'Homeland': Everything's Coming Up Brody

Claire Danes and Rupert Friend in Homeland Season 3 Episode 8

[This is a review of Homeland season 3, episode 8. There will be SPOILERS.]


As far as dramatic devices go, pregnancy is a fairly cheap one designed to elicit a specific response from the audience, while at the same time designating a unique and inexorable bond between two characters that is intimate in a completely different way than the one that got them to their current predicament. And in the case of Homeland, the idea of a CIA operative carrying the child of a man wanted the world over is intended to be seen as a dramatic predicament for Carrie Mathison, as now her objective is, more than ever, to prove the innocence of Nicholas Brody once and for all.

But it's also intended to give weight to the idea that Brody must be saved or salvaged for a purpose beyond simply proving his innocence. The curious thing about the pregnancy is that it sort of acts as a smokescreen to the kind of person Brody actually is (somewhere between a blank slate and an actually terrorist), as opposed to the person Carrie (and, to a certain extent, Showtime) wants him to be.

In that sense, keeping Brody locked away in Caracas with nothing but a syringe and what we can only assume is the near limitless supply of heroin El Nino (Manny Perez) has access to, helps further negate the character's culpability most everything that's happened so far in nearly three seasons of Homeland. By pushing the character as close to rock bottom as possible and generally keeping him out of the storyline as anything other than an illusory goal with an indeterminate value for the characters or the plot, the writers have helped to shift the perception of the character into one of a man who perpetually suffers at the hands of others.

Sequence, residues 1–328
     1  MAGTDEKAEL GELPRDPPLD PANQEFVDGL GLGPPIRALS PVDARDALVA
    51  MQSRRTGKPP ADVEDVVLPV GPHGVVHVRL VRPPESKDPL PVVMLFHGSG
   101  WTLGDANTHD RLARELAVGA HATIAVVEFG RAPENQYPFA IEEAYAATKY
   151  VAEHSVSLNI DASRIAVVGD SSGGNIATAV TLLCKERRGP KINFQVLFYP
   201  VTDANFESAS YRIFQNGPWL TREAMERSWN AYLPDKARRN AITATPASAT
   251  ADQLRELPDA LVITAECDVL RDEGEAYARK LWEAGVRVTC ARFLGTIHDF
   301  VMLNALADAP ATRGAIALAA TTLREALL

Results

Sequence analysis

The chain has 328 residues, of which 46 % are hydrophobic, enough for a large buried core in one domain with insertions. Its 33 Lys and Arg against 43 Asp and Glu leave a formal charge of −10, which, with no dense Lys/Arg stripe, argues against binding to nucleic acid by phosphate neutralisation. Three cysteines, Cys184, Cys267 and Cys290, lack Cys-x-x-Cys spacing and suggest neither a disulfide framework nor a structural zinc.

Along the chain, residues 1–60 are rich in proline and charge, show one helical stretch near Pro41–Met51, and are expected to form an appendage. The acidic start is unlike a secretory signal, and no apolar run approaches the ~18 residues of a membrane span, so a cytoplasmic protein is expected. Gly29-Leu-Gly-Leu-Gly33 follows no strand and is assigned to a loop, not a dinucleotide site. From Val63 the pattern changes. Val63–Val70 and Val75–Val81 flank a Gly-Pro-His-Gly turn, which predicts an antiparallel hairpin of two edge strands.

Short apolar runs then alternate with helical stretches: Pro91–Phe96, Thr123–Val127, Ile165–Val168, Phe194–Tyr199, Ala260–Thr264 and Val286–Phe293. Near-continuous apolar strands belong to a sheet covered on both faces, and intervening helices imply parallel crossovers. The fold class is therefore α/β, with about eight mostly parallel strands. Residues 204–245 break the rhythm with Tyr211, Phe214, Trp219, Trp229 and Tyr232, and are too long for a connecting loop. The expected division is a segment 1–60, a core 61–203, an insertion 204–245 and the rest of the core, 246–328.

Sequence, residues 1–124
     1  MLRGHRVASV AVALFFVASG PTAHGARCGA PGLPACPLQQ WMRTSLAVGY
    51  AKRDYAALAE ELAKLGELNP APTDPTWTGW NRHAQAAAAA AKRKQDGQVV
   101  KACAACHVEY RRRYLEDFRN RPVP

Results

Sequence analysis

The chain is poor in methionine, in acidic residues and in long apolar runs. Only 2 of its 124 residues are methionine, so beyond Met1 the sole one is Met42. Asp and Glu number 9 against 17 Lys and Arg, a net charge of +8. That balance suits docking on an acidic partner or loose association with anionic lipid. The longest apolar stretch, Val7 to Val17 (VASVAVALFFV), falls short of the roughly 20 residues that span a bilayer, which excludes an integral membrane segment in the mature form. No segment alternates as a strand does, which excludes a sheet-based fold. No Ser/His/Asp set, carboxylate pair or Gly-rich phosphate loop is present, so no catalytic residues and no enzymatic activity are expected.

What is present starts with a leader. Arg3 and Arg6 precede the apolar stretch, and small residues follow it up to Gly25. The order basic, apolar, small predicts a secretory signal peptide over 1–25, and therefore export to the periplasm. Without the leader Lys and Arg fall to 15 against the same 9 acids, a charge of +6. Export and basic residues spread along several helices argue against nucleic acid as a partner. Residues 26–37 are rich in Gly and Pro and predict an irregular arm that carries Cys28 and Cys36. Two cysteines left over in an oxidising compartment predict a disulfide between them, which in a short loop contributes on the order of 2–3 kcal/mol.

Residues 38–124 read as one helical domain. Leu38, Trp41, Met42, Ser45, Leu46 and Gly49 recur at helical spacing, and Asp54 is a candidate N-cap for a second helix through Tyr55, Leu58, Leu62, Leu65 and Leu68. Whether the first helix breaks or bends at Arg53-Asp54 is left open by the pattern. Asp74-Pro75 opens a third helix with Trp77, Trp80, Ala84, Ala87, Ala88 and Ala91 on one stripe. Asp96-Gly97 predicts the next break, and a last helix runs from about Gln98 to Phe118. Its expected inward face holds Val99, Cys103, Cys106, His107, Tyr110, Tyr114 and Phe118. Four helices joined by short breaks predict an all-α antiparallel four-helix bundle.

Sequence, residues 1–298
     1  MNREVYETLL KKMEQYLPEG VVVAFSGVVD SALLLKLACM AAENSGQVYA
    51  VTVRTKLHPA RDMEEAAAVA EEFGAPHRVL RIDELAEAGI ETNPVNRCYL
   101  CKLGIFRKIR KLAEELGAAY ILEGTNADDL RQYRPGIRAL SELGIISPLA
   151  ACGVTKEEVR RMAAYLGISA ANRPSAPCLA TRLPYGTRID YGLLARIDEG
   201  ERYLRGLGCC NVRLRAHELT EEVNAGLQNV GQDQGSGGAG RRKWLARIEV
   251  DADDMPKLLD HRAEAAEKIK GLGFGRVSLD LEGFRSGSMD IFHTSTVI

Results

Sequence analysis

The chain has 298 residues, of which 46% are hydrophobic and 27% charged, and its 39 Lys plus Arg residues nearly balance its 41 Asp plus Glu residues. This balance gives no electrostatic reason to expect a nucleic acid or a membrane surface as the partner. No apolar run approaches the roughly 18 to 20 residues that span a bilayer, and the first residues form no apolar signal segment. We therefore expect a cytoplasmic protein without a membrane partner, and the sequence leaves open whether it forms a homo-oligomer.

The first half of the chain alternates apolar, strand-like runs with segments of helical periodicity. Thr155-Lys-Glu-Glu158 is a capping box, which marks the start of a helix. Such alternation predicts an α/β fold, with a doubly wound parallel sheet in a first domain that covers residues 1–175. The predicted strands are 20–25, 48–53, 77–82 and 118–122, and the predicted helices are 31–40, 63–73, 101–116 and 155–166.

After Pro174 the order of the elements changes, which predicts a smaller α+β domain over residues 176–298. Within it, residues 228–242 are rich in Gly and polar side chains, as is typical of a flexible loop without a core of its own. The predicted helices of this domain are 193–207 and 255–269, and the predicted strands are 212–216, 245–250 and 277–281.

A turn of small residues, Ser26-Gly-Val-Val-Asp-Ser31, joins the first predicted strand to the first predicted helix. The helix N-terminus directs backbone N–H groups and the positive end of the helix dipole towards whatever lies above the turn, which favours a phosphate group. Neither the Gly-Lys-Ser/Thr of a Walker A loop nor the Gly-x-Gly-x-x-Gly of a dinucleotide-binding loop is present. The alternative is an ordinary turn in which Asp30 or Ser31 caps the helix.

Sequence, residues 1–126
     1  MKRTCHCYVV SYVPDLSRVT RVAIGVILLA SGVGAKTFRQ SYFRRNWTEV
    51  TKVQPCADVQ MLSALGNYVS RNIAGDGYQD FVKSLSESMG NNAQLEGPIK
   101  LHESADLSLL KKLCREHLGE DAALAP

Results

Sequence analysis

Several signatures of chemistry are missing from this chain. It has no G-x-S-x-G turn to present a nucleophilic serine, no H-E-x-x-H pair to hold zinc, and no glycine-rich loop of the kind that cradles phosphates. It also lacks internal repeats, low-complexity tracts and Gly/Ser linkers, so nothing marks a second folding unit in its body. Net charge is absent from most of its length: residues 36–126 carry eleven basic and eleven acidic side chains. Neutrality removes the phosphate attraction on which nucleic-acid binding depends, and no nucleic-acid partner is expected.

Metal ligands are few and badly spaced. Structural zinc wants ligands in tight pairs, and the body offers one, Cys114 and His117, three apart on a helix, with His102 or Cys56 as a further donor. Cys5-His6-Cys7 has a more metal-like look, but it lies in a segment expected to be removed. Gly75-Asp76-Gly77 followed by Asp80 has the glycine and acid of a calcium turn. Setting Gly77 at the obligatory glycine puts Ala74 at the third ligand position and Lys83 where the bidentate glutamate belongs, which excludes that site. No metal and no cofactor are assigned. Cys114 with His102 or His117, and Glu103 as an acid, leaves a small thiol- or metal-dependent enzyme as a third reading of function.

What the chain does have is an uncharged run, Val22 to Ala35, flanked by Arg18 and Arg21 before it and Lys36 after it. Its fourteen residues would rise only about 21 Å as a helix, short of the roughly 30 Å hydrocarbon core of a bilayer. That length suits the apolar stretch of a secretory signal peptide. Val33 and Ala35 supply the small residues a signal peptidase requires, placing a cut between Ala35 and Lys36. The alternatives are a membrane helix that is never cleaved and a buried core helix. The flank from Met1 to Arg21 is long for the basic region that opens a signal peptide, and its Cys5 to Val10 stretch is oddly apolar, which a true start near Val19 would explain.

Jason Butler Harner and Claire Danes in Homeland Season 3 Episode 8

The other, possibly inadvertent, result of this treatment is that Brody has become a hovering reminder that this show once had a framework larger than five people in a room at the CIA. As the series has progressed, the scope of Homeland has consequently shrunk, and the results have been mixed. Before, Brody, Carrie, Saul and even Virgil were all representative of a larger, more complex idea of intelligence and surveillance in an age where the line between paranoia and vigilance had become so blurred that a woman suffering from mental illness was not only the protagonist, but also a parallel to what the show was trying to say about the pursuit to keep the United States safe from threats both foreign and domestic.

To say, in its current season, Homeland has lost sight of that is something of an understatement. It would be one thing if the outcome of this narrower scope presented a story that felt more like one the audience needed to get behind, but watching while Carrie again goes off her meds and again goes against orders, while Quinn is suddenly concerned with the (literal) blood on his hands, and Saul (despite some strong moments) is shown to be behind a series of stunts and surprise reveals, only further diminishes that extra important dimension of the series.

It's clear at this point that Brody is on his way back into the main storyline, so perhaps that will grant Homeland access to some closure, so that it can better focus on clearing up what has so far been a rather muddled season 3.


Homeland continues next week with 'Horse and Wagon' @9pm on Showtime.

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